Facebook has abandoned plans to sell ads in WhatsApp, the Wall Street Journal reports, citing as its source “people familiar with the matter.”
WhatsApp was acquired by Facebook in 2014 for $19bn (£13.9bn), and WhatsApp founders Jan Koum and Brian Acton publicly expressed an aversion to allowing ads on the service. Indeed, in a blog post following the acquisition, Koum wrote that the deal would not have happened if WhatsApp "had to compromise on the core principles that will always define our company, our vision and our product". In 2016, they changed WhatsApp’s terms of service to forbid displaying ads in the app. Both have since left the company. Acton left in September 2017 and Koum in May 2018 in the midst of the Cambridge Analytica scandal.
According to the WSJ report, WhatsApp has disbanded a team that had been assembled to look at how best to integrate ads into the platform. Code they had written in support of the initiative has since been deleted. So while WhatsApp currently boasts 1.5bn users, Facebook has still not worked out how to make money from it, having scrapped the $0.99 annual subscription fee that was in place prior to its acquisition of the company. Perhaps its best hopes lie in monetising the potential WhatsApp offers for businesses to use it as a one-to-one communications channel with consumers, a relatively new field, but one that some forward-thinking companies are beginning to exploit.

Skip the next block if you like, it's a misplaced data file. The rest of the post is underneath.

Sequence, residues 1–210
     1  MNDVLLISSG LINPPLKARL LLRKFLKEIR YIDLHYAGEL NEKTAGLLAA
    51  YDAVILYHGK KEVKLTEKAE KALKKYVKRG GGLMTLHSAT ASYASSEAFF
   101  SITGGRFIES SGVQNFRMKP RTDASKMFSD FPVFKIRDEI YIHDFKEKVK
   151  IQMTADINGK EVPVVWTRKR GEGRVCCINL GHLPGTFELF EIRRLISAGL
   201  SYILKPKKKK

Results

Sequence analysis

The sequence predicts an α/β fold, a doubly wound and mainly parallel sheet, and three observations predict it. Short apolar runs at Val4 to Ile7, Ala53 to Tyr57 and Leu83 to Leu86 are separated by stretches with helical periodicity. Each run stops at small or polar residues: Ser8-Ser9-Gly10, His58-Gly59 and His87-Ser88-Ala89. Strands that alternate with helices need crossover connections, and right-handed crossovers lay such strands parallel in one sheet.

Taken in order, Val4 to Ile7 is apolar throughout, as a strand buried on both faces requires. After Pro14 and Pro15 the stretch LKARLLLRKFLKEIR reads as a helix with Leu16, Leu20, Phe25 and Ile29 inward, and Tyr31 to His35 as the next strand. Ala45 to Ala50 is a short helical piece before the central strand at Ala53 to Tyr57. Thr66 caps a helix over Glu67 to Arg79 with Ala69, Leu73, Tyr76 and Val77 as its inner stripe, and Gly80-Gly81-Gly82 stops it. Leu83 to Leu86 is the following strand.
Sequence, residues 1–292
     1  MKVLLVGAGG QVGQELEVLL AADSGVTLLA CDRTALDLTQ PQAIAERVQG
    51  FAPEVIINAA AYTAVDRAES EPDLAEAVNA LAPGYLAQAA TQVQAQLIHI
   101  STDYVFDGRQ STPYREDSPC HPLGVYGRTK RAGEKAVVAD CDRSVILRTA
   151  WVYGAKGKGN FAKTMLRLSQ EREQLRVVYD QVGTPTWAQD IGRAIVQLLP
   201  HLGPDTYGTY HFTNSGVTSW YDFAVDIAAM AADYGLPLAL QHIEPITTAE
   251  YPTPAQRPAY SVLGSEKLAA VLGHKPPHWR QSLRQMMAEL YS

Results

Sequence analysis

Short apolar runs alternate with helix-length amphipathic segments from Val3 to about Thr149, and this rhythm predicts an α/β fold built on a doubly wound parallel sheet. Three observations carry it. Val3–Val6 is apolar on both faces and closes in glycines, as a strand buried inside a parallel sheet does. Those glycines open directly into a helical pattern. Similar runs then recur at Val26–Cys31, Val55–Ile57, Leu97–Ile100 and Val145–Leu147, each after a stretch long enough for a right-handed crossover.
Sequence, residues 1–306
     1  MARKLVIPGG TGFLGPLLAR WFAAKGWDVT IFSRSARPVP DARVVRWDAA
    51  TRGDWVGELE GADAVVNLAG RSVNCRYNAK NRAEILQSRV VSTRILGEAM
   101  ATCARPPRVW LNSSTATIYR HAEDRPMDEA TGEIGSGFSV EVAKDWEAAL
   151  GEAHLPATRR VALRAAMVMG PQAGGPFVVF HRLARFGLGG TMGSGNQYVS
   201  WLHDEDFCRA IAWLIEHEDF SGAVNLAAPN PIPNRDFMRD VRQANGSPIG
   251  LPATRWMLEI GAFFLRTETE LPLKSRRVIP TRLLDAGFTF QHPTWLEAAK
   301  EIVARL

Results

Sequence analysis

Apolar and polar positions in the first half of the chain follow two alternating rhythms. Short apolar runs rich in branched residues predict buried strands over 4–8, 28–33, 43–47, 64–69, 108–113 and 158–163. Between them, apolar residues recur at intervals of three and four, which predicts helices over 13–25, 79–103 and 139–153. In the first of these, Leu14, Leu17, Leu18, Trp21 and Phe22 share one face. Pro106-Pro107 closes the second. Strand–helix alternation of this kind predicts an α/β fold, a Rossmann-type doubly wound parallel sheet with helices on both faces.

The results of a study commissioned by marketing technology company, Pure360, suggest that Facebook’s decision is the right one. It commissioned research consultancy Censuswide to carry out two nationally representative samples of British adults, the first, in August 2019, with 2,000 respondents, the second, in October 2019, with 2007 respondents. Only 5 per cent of respondents said they would be open to receiving marketing messages from brands, including those they have not shopped with previously, on their WhatsApp channels during the working day, while only 9 per cent said they would be happy to see ads on WhatsApp that were relevant to them, from brands they had previously engaged with.